***Notes of a Beer Nerd is a column written by resident cellar dwelling mammal, Timperial Stout. Feel free to e-mail him at firstname.lastname@example.org with any questions, concerns or comments***
Enjoyed on 11/2/2010
Brewery: Southern Tier Brewing Co.
Location: Lakewood, New York
Beer: Creme Brulee
Presentation: 22oz – Blown Glass Bottle – Capped
Style: Imperial Milk Stout
Hops: Columbus, Horizon
Malt: 2-row pale malt, dark caramel malt
Recommended Serving Temp: 42 degrees, as per the bottle
We are not the harbingers of truth as some may suggest but it may indeed be argued that our brewing philosophy is tantamount to a dessert with a bellicose past. How, you may ask, would a brewery determine a likeness to hard-coated custard? Our response is simple; it’s all in the power of history, and of course, the extra finesse needed to top off a contentious treat with definition.
By comprehending the labyrinthine movement of time, one would not think it strange to trace the errant path of an ordinary object such as a cream dessert only to discover that it has been the cause of cultural disputes since the middle ages. The British founders of burnt cream and from Spain, crema catalana, both stand by their creative originality and we respect that, but it was the French Crème Brûlée, amid the strife of contention, that survived to represent our deliciously creamy brew.
Food Pairings: Oysters, Cheesecake, Chocolate
Cheese Pairings: Brie, Gouda
Music Pairing: Cream or Vanilla Ice
Beer Advocate: B+ (3.95)
Rate Beer: 97 (3.69)
I’ve never met a Southern Tier beer that I didn’t like. Though that may not mean much to some (especially my Beer Blotter brethren, who are staunch in their stance that I think every beer is good), I assure you that it is not meaningless, as least in my mind. For me, there is only a handful of American breweries that I would say that about, and it must be noted that I wouldn’t even consider publishing such a statement about a brewery that is anything less than prolific in their releases. Some breweries that immediately come to mind are Avery Brewing, Brooklyn Brewing and Clipper City Brewing, all of which have extremely solid year round releases as well as stunning seasonals and special releases.
In the Seattle market, STB’s 12oz year round releases are often harder to find than the 22oz imperial ones. We have discussed this phenomenon before on the blog and it continues to be true, most recently with the entrance of Uinta Brewing to the local market. In a nutshell, it is a common marketing scheme for breweries entering a new market to send their most hotly desired beers first, to build hype and excitement, and hopefully market share, and then further expand from there. For nerds like me, this is a pretty successful game plan.
This particular brand of marketing is especially advantageous for STB considering that they have 16 beers in their “Imperial Series”. Yes, I said 16. That is way more than their non-imperial releases. Now that is a quality that I can’t help but respect in a brewery. Long live Southern Tier!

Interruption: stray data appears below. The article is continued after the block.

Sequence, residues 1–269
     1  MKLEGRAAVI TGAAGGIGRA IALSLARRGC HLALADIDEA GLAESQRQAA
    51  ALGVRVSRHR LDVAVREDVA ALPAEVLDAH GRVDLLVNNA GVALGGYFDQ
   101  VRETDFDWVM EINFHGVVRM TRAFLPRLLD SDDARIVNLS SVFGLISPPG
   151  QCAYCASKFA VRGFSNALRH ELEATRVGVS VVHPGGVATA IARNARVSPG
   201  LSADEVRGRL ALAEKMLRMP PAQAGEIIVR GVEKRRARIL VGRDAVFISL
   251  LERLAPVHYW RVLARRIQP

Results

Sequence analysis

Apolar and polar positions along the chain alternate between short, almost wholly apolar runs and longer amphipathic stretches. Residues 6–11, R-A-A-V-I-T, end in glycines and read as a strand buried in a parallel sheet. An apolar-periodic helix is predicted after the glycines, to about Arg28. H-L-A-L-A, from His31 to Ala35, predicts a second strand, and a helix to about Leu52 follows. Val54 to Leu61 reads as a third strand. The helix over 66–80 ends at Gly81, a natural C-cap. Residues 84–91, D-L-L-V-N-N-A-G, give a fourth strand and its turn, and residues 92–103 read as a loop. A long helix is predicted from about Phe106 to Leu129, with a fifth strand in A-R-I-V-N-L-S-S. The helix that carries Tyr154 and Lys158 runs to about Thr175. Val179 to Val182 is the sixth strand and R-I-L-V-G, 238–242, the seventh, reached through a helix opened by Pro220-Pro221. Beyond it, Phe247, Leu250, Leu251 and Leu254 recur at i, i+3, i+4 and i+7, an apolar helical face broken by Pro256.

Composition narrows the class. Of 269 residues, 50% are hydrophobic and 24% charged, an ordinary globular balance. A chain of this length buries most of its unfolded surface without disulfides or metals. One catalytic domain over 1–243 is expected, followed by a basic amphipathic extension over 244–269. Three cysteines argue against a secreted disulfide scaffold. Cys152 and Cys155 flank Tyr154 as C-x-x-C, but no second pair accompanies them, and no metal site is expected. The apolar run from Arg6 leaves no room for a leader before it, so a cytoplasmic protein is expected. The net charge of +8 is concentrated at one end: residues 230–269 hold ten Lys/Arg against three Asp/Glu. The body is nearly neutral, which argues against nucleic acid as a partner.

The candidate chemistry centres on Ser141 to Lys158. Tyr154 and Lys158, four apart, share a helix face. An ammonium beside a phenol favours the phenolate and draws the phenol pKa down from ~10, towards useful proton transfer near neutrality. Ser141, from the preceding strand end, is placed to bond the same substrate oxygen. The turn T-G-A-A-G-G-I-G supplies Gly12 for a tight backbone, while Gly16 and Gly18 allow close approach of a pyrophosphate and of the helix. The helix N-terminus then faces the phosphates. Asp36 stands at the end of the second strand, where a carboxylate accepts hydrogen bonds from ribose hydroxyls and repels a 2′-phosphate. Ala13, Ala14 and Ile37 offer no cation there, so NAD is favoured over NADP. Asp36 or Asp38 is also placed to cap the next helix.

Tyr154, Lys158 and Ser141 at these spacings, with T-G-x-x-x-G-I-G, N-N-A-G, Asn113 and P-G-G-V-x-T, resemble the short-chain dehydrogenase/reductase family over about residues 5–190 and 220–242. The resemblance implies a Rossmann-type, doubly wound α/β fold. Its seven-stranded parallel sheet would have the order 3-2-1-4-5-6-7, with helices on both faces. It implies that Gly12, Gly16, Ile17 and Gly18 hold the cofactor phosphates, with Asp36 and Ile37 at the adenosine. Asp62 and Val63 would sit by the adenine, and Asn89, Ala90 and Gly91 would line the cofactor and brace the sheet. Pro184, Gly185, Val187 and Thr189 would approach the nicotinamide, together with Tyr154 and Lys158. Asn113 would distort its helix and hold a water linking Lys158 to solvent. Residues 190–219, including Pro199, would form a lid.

My liquid dessert this evening has a fairly small crown of tan bubbles. As the head approaches the rim of the glass it appears to be more of a brownish rust color. With time, it settles to a wisp and ring. Each and every sip brings a foamy wash of lace across the nearest face of the glass, but only small splotches remain affixed. One could say that the “legs” are impressive on this one. Yet again, Timperial Stout’s favorite style pours completely opaque. Though impenetrable to all light, it brightens my eyes with its gorgeous roasted malt depth.
Sweet Fancy Moses this beer cannot possibly be anything other than liquefied Creme Brulee! All the sweetness of heaven was impossibly condensed into the fermented concoction before me. This solution stands so supersaturated in sucrose, lactose and fructose that any honest scientist would be frozen, googly-eyed in dismay. I have a sudden urge to make an appointment to have my teeth cleaned. Yowee!
I hope I’ve successfully put a bit of weight behind my words. From an odor standpoint, this beer is the absolute epitome of desert. I have always thought that all of STB’s beers were crazy sweet, in a good way, but this is above and beyond, in a better way. The scent is pretty much exactly of creme brulee. The vanilla is so prevalent here that I can only assume that the entire planet’s reserves of vanilla beans were swiftly depleted in the days leading up to the brew. I can’t even carve through the non-beer scents that are at play here. Other than the onslaught of creamy vanilla, there is a milky and a caramelized sugar sweetness that plays perfectly to the inclination that this beer is not only called creme brulee but that it tastes like creme brulee. The custard, the jagged edges of splintered, solidified caramel, the eggy creaminess, it’s all there in the smell. Mind blowing! I feel as though I should be sipping this one out of a ramekin rather than a snifter.